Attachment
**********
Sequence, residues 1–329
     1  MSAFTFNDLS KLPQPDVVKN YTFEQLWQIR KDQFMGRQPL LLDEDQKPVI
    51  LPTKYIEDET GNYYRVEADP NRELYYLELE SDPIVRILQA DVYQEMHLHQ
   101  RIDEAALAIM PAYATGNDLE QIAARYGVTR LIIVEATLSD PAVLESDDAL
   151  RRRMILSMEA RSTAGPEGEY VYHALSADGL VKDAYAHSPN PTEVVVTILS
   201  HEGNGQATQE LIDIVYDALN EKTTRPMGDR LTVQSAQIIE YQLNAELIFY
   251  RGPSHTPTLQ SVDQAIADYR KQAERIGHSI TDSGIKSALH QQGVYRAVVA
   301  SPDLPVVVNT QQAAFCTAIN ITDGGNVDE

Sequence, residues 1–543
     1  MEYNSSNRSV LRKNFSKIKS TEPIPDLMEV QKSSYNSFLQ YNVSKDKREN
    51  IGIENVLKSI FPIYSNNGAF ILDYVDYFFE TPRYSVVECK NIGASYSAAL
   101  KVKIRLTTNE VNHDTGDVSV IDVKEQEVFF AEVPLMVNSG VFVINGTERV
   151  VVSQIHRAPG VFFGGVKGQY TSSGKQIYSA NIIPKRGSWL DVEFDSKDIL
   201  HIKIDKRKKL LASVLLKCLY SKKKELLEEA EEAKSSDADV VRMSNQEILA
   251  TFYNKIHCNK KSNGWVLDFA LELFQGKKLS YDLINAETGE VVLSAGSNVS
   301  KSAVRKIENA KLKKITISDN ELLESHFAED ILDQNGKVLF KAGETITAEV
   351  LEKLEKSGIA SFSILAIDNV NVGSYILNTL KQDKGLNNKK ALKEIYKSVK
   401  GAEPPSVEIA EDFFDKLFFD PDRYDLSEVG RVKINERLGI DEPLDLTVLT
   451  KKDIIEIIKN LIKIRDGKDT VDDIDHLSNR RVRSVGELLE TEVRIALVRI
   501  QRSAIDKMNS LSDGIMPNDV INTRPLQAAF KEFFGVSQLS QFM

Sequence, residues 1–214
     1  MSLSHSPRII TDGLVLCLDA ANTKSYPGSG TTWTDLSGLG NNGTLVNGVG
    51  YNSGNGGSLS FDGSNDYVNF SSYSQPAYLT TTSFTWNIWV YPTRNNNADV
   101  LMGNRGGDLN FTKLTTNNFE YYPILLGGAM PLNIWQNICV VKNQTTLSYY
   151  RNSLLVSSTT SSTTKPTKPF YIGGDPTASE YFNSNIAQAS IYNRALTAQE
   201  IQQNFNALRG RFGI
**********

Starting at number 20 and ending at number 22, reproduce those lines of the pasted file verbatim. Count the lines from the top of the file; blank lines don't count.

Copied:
   501  QRSAIDKMNS LSDGIMPNDV INTRPLQAAF KEFFGVSQLS QFM

Sequence, residues 1–214
     1  MSLSHSPRII TDGLVLCLDA ANTKSYPGSG TTWTDLSGLG NNGTLVNGVG